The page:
This seminar will study the history and nature of myths—traditional as well as urban myths—particularly in regard to the way that myths, legends, and superstitions reflect the concerns and fears of all cultures. We will examine the ways in which each genre differs, and the means by which communities, seized with conviction for generations, disseminate and fortify them. The collective unconscious is often manifested in metaphor, particularly in literature and film, and the legitimate anxieties, fears (and guilt) that it reflects will be the subject of our study. We will discuss urban myths through history (witchcraft; alchemy and the philosopher’s stone; prophecies of the end of the world, conspiracies) as well as contemporary myths (post-truth beliefs), and the technological, religious and cultural shifts that cause them.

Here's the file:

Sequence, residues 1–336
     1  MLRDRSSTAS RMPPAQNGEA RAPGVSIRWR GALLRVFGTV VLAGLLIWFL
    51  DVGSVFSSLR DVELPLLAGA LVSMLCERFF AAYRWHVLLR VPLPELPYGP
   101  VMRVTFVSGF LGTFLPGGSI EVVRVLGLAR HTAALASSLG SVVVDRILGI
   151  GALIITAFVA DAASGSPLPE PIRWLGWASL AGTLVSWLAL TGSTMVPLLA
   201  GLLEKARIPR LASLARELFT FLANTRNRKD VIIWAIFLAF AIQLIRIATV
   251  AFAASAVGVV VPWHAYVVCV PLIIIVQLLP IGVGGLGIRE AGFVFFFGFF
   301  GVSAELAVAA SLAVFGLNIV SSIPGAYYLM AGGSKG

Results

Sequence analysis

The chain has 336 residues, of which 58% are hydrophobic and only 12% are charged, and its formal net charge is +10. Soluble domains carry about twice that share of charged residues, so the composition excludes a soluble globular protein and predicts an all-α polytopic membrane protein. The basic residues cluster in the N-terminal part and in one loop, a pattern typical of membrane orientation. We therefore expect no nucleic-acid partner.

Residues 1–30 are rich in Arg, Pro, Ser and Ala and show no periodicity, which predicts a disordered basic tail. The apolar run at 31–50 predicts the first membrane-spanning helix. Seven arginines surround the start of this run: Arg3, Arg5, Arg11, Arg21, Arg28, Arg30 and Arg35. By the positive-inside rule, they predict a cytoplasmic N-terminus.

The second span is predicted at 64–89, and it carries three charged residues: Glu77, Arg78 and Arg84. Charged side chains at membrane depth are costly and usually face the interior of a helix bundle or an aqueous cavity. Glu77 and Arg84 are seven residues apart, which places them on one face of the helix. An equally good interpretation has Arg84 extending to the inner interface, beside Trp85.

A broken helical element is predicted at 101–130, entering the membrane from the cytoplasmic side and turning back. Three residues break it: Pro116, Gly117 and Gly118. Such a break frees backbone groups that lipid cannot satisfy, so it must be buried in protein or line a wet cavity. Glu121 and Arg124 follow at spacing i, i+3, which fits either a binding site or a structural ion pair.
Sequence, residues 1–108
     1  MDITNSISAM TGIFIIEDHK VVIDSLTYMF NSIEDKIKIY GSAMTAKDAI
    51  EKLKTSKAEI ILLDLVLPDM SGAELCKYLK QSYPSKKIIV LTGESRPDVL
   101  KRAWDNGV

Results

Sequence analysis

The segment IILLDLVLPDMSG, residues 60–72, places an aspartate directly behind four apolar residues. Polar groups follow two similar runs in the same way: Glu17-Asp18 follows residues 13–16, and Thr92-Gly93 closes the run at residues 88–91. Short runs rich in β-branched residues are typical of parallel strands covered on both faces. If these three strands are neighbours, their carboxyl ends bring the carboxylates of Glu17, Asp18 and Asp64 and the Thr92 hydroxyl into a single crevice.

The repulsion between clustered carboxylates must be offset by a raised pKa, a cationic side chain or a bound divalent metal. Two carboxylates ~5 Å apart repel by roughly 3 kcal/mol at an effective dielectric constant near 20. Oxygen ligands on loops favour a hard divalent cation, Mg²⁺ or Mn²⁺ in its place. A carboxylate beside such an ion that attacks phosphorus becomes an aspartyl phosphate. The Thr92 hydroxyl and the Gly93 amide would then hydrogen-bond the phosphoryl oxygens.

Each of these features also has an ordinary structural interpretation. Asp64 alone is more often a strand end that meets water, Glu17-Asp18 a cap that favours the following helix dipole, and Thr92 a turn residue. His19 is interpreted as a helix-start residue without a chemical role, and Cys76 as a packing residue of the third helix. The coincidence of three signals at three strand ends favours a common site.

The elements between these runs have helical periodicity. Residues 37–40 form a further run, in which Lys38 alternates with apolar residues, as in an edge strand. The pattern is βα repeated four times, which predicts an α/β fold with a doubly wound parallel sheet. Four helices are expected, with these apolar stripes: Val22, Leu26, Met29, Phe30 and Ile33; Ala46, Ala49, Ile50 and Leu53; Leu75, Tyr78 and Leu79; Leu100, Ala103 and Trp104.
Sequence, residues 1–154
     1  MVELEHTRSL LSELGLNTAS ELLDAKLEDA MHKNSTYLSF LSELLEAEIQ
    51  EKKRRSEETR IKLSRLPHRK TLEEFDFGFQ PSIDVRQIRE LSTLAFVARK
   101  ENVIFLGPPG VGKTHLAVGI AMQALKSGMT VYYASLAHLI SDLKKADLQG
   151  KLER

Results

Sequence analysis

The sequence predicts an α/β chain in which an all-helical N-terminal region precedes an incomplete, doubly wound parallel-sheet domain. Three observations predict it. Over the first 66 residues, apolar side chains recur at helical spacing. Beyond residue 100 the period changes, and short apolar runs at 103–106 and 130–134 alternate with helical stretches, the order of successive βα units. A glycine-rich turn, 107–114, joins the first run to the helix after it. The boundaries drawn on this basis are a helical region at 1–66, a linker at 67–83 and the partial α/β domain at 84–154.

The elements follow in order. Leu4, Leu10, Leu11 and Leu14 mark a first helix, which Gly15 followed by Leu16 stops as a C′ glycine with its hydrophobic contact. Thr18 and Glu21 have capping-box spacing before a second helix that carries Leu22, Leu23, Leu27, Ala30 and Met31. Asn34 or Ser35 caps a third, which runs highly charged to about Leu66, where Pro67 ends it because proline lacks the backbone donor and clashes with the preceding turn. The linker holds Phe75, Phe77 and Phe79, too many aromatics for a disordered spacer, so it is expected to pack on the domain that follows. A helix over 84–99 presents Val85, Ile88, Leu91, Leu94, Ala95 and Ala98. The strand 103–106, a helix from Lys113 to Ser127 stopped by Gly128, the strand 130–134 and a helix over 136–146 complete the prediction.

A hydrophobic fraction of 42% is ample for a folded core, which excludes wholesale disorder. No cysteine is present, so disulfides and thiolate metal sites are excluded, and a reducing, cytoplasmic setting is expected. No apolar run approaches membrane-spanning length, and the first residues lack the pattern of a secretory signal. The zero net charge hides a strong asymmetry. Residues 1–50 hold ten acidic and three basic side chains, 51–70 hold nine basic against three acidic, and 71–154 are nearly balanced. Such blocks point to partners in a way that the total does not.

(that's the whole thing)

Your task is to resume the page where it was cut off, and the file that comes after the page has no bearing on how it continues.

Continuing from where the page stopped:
Students will read from a collection of relevant essays and papers as well as Grimm’s Fairy Tales, The Fairy Tales of Perrault, The Uses of Enchantment, as well as Dr. Jekyll and Mr. Hyde, We Have Always Lived in the Castle, and The Road. We will watch the films ‘Walkabout;’ ‘Moonlight;” ‘Let the Right One In;’ and ‘Beauty and the Beast’ (Cocteau).